[SOLVED] M1A2: Your Science Tool Kit – Evaluating Scientific MessagesWhether we read newspapers, news magazines, blogs, or watch TV, we find media reports about science. Many of these same sources contain adve

M1A2: Your Science Tool Kit – Evaluating Scientific Messages

Whether we read newspapers, news magazines, blogs, or watch TV, we find media reports about science. Many of these same sources contain advertising that promotes products created through scientific advances, most often new medications or new entertainment devices. Science also influences our laws and public policies. The addition of ethanol to gasoline, food processing and shipping, and energy saving methods, such as solar panels, are examples of how science informs public policy.

Remember Gary Gutting’s editorial (Links to an external site.)Links to an external site. from the NY Times, in which Gutting claims that news reports that say “studies show” are often tentative or likely to be false and should be labeled as such in the news media. Do not assume that what you read is always accurate, whether it is a news article or advertising. The purpose of this activity is to learn to locate basic information about scientific results within news reports.

Your Science Tool Kit is a set of questions based on Understanding Science 101 (Links to an external site.)Links to an external site. and is one way you can help yourself understand a news report about science. Your analysis in this STK will focus on the Science Daily article “Complete rest until symptom-free after concussion may not be best for recovery.”

Completing this activity will assist you in mastering Module Level Outcome 2.

First:

Next, submit the following:

  • Use this abbreviated version of the Science Tool Kit template (download template [DOCX, File size 24.3 KB] to answer questions about the news article. Submit your answers to your instructor for grading and feedback.

To prepare to use the Science Toolkit properly: Here is an example news article from the LA Times and the Science Tool Kit analysis of this article.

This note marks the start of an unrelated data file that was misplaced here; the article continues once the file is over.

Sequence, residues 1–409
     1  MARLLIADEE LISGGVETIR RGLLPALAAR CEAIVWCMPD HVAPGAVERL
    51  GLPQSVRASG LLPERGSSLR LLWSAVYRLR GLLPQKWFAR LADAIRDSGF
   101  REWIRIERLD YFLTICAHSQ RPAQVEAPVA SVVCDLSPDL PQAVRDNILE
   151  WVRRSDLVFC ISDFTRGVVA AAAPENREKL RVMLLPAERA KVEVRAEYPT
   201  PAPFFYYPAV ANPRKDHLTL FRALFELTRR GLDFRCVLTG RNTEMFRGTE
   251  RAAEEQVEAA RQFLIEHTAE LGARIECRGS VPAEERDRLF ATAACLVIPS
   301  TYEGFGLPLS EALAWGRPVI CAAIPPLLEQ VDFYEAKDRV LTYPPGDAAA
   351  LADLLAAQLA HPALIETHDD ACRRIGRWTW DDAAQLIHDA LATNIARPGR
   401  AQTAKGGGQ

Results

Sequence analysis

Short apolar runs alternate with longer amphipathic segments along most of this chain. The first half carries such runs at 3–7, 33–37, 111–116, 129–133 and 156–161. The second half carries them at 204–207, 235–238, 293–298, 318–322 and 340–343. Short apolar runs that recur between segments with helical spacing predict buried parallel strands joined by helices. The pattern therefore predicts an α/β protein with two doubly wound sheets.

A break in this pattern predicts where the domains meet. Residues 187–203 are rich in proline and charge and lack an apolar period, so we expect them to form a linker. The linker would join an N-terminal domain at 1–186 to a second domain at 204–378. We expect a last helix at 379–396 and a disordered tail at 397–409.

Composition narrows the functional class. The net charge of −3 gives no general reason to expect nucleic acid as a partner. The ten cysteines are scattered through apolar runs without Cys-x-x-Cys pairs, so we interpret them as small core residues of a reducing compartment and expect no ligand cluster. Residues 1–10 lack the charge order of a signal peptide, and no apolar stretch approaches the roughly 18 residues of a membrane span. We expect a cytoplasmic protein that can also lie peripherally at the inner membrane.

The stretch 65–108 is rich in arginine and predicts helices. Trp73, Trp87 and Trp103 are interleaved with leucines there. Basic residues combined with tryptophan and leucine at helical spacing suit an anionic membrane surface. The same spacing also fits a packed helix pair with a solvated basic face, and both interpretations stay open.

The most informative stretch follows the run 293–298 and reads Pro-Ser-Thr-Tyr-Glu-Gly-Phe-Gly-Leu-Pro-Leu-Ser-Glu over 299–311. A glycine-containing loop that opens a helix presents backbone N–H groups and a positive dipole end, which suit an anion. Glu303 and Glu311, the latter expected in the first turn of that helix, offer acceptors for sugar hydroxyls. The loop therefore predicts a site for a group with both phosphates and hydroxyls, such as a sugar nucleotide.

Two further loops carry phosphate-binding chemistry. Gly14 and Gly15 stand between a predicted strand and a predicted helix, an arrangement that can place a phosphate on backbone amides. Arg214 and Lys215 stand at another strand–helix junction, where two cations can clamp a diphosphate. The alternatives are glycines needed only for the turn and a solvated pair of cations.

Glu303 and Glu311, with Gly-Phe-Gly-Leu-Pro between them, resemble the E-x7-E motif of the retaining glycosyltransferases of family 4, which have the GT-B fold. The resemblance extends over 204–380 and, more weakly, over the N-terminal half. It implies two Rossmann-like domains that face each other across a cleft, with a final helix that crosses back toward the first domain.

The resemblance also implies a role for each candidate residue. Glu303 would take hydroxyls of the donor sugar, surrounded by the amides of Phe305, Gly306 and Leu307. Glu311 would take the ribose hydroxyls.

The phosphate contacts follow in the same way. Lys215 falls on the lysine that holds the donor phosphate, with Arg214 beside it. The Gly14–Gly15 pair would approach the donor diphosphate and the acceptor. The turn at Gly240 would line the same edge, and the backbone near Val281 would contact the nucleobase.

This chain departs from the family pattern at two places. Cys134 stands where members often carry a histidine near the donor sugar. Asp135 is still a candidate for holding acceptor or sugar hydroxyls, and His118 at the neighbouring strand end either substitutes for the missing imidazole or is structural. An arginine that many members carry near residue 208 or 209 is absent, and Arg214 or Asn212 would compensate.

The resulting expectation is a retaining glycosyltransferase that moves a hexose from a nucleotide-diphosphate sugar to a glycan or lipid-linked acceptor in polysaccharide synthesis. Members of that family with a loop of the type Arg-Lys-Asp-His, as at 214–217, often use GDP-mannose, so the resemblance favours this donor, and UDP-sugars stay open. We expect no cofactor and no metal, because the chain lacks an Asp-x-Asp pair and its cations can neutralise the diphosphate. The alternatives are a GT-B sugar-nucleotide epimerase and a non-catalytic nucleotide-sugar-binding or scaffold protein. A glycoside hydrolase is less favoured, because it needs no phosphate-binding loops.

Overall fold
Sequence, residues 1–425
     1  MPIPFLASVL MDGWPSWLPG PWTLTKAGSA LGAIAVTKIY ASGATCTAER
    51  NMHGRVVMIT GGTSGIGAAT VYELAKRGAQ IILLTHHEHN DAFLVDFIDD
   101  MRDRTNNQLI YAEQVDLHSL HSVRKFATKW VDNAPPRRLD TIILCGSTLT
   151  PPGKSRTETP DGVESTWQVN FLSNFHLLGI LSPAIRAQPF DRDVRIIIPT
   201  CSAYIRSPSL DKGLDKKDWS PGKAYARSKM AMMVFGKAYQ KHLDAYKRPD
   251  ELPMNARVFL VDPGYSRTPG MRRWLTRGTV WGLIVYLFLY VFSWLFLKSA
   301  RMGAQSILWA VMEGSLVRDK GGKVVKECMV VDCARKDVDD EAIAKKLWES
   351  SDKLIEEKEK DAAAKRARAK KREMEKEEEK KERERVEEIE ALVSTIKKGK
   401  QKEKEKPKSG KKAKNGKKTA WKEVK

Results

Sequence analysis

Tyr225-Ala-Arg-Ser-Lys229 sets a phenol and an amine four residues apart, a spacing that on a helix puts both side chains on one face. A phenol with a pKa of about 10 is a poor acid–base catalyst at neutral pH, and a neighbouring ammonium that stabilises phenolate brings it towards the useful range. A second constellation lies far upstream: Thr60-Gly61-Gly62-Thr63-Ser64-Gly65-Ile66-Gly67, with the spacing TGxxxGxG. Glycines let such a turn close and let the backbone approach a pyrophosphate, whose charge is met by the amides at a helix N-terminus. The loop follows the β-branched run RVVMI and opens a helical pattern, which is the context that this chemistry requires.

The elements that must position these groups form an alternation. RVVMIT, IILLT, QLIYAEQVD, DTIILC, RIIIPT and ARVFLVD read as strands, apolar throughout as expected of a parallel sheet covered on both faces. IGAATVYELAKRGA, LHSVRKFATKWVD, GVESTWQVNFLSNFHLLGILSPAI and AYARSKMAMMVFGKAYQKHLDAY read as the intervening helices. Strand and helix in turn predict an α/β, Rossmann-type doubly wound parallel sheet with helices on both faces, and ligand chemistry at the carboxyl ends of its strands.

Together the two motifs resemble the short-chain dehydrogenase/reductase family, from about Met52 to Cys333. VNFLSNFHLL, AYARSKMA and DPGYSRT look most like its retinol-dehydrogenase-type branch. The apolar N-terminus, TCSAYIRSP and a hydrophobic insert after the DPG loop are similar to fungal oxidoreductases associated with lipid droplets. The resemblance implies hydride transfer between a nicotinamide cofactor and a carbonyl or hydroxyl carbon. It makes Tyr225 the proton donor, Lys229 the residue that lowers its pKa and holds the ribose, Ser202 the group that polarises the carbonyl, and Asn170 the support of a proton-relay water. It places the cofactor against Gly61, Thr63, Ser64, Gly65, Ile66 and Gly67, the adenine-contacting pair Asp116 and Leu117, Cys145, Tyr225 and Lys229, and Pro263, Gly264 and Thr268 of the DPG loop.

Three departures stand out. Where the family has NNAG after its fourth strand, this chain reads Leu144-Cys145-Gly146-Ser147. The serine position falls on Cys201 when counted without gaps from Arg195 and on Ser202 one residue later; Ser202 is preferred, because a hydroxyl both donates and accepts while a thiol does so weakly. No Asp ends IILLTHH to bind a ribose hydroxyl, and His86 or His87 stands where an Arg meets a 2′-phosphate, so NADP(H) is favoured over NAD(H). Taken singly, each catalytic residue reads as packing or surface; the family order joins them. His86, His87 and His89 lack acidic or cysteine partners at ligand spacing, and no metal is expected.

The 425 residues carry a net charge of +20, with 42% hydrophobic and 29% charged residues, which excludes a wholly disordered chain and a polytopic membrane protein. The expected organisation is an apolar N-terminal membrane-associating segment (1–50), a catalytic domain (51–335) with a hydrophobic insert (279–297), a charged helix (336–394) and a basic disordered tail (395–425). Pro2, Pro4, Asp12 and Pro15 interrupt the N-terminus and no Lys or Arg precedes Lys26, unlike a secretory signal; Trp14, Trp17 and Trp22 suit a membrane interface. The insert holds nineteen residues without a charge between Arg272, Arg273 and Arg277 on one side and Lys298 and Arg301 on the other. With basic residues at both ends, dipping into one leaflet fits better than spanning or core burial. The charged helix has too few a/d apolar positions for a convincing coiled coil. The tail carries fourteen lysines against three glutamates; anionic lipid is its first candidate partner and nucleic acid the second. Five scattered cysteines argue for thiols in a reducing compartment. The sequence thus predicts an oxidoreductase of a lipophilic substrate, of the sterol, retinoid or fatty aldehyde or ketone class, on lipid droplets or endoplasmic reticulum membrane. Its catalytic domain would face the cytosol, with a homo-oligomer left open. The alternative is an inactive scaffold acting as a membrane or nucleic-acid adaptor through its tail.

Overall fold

An article in the news media about a scientific study is often the result of a press release from a university, research laboratory, scientific journal, or from a scientific meeting. For example, the Los Angeles Times article, Month of Conception Can Affect Child’s Health at Birth (Links to an external site.)Links to an external site. is based on a scientific paper, Within-Mother Analysis of Seasonal Patterns in Health at Birth (Links to an external site.)Links to an external site. by Drs. Janet Currie and Hannes Schwandt from Princeton University, published in the Proceedings of the National Academy of Sciences, one of the most prestigious journals in all of science.

You are also encouraged to do your own research through our library on the topic. Do not forget to include in-text citations and complete APA style references for all sources. The Excelsior Library Citation Tip Sheets and Resources (Links to an external site.)Links to an external site. will be a helpful guide. You may also wish to use a citation generator – you just insert the information, and it creates the citation in the format you indicate (MLA or APA, for example). Here are 3 citation generators to choose from:

  1. Citation Machine (Links to an external site.)Links to an external site.
  2. Bibme (Links to an external site.)Links to an external site.
  3. EasyBib 

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